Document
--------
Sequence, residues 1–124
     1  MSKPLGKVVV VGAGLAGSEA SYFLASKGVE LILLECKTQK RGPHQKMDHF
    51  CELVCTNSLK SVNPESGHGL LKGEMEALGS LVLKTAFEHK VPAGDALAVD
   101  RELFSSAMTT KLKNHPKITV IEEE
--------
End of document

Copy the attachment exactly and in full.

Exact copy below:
Sequence, residues 1–124
     1  MSKPLGKVVV VGAGLAGSEA SYFLASKGVE LILLECKTQK RGPHQKMDHF
    51  CELVCTNSLK SVNPESGHGL LKGEMEALGS LVLKTAFEHK VPAGDALAVD
   101  RELFSSAMTT KLKNHPKITV IEEE